A precursor to social participation, however, is knowledge of civic and public affairs. Informed citizens are more likely to participate in the life of their community. One of the concerns regarding a lack of local news in rural areas is that those residents would be disproportionately uninformed about local issues. Rural and non-rural residents of WA showed no significant differences in political knowledge on a number of measures of national-level public affairs topics: knowledge of the components in the Affordable Care Act, that the U.S. Supreme Court is charged with determining whether a law is constitutional or not, which party is more conservative at the national level, the political party that is in control of the U.S. House of Representatives, the size of the majority required to override a presidential veto, and the title of the job held by Joseph Biden. These findings support the observation that residents are not lacking in ability or interest in news. The proliferation of nationally oriented news has resulted in rural and non-rural citizens having equivalent levels of national political knowledge.
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Rural and non-rural WA residents also showed no significant differences in locally relevant knowledge including the names of their state’s representatives to the U.S. Senate, their congressional district’s representative to the U.S. House, and the names of their mayor and school superintendent. In further analysis, however, locally relevant knowledge was shown to be predicted by the frequency of exposure to local news sources, even when controlling for demographic variables and place of residence. These findings highlight the importance of local news in producing informed citizens, regardless of their place of residence; those who attend to local media the most have higher levels of locally relevant knowledge.
Those who consume local media have higher levels of locally relevant knowledge.
The first section of this study has shown that rural residents, in general, attend to local media less frequently than their non-rural counterparts. Less frequent attention to local news among rural residents creates the potential for the emergence of rural vs. non-rural disparities in locally relevant knowledge. This potential disparity, should it occur, would not be the result of a lack of interest or a lack of skill but, instead, the result of a lack of local news in rural areas.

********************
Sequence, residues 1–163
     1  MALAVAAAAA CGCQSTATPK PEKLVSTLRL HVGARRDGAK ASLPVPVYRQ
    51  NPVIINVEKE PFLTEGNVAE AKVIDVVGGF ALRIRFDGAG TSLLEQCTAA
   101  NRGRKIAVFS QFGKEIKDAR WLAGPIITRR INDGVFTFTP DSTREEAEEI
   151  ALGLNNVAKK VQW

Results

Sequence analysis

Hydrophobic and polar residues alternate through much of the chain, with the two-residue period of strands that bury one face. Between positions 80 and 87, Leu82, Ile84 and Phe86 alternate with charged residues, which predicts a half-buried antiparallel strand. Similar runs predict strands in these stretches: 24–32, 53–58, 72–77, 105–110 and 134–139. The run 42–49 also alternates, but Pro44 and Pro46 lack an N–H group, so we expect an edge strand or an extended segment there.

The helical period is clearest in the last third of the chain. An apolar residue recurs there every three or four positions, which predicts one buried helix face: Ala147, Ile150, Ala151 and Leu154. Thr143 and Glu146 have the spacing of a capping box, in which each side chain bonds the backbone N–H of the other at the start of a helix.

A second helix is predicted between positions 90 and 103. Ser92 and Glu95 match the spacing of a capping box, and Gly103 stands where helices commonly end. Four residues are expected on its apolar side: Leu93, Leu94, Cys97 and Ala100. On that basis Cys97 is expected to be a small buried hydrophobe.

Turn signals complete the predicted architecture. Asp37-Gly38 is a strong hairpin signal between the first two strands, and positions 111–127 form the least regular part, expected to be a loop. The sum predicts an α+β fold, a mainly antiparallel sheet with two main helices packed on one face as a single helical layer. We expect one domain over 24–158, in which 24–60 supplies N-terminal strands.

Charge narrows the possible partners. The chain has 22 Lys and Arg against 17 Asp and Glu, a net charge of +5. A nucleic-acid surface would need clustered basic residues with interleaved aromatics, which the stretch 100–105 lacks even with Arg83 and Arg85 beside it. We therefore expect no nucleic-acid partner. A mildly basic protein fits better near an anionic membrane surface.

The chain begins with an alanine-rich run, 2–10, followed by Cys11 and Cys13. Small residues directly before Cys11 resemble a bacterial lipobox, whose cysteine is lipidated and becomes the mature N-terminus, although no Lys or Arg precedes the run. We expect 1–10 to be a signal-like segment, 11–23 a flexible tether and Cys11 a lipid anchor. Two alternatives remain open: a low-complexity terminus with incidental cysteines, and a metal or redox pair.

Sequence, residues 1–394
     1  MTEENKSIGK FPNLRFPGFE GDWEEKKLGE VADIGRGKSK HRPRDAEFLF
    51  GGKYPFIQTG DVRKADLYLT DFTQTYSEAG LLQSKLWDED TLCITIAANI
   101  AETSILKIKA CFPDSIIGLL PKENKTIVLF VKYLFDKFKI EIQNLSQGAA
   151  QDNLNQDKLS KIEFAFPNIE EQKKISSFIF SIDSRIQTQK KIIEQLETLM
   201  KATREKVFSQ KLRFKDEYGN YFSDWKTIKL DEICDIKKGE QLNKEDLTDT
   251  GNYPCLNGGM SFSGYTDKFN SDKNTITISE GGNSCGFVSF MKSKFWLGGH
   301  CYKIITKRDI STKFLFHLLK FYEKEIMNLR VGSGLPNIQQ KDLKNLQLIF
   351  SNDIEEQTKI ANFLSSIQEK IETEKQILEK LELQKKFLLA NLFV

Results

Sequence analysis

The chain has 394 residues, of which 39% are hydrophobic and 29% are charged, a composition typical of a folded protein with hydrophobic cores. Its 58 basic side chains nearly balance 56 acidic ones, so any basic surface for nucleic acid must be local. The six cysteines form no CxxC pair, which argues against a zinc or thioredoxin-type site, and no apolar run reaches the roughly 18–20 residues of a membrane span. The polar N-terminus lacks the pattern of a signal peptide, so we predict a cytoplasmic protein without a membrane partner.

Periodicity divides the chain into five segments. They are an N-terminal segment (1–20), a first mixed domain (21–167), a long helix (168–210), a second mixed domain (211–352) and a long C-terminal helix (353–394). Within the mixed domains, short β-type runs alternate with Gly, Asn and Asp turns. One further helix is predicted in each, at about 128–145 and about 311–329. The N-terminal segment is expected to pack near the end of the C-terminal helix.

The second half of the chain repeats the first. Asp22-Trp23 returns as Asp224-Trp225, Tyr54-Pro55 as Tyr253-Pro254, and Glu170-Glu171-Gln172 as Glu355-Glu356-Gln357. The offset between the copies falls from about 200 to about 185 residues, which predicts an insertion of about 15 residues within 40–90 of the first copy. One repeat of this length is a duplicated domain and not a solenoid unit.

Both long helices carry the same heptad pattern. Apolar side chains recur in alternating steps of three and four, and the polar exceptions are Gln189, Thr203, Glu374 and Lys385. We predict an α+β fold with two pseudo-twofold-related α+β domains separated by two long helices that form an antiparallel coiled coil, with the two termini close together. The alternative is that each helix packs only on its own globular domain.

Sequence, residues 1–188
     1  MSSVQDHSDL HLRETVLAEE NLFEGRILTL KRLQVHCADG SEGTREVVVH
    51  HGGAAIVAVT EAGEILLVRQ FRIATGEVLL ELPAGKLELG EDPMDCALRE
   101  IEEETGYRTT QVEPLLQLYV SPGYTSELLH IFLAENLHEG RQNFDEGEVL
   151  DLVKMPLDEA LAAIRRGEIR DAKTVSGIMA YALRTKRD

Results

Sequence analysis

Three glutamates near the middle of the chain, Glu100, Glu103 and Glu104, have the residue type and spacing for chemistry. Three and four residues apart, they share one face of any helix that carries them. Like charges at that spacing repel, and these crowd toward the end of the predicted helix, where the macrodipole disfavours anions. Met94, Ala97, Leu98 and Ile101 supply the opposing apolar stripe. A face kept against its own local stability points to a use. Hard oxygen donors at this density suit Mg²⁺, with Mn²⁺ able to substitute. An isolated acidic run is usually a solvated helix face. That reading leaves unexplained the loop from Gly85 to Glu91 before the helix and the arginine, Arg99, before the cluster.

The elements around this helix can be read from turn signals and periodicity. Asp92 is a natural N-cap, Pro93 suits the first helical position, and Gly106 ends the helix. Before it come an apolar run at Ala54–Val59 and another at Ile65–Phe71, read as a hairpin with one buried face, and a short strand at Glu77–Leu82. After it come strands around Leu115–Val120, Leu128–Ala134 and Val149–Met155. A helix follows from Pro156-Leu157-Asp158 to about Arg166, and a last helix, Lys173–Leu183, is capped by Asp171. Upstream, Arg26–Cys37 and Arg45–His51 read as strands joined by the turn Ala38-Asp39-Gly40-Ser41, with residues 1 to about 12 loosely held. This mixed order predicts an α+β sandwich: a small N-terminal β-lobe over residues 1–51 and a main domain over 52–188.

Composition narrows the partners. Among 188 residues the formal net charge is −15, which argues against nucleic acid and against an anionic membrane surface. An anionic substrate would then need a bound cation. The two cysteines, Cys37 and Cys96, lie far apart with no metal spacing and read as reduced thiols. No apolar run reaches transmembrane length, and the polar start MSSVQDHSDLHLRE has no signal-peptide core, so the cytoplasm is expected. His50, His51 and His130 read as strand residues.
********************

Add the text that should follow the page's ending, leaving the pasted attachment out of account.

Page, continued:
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Broadband is a critical public infrastructure on par with public roads and highways. Public and private investments in broadband infrastructure will continue to provide faster access to the Internet, moving mountains of information at an ever-greater pace. But broadband expansion does not ensure digital literacy. As infrastructure continues to improve, public officials and industry leaders must emphasize the importance of improving digital literacy and lowering economic barriers to broadband adoption, particularly in low-income areas and rural areas. Without investments in digital literacy, the state’s digital divide may not be closed and, in fact, runs the risk of widening. And without an effort to refocus on local news coverage in rural areas, the state’s information black holes may never be filled. The accelerating speed of technological developments requires a concerted effort to educate the public, policymakers and journalists about the promise held by the state’s expanding broadband infrastructure. From rural towns to the state Capitol, public officials must understand the role of technology in facilitating an informed citizenry, driving economic development and shaping public education systems. If public officials, news media and communities do not take it upon themselves to learn about and grow with technology, then they effectively perpetuate the digital divide through inaction. As a result, Without investment in digital literacy, the digital divide may the state may experience a greater never be closed; without a new focus on rural news coverage, separation between its most digitally informed citizens and cities, and those Washington’s information black holes may never be filled. trailing in the wake of technological advances. Further, emerging technology has the capacity to provide information, but news media are needed to curate that information, provide context and produce comprehensible content for rural communities. Indeed, more and more citizens are accessing state news online even as newsrooms at legacy media have shrunk. In rural Washington, local news remains the backbone of community journalism. As broadband access and adoption continues to spread, rural journalists can make themselves even more indispensable to their communities. Rural journalists should routinely share best practices with each other and seek ways to receive new digital training in partnership with other professional media and the state’s journalism educators. They form the core of informed, literate rural communities in Washington.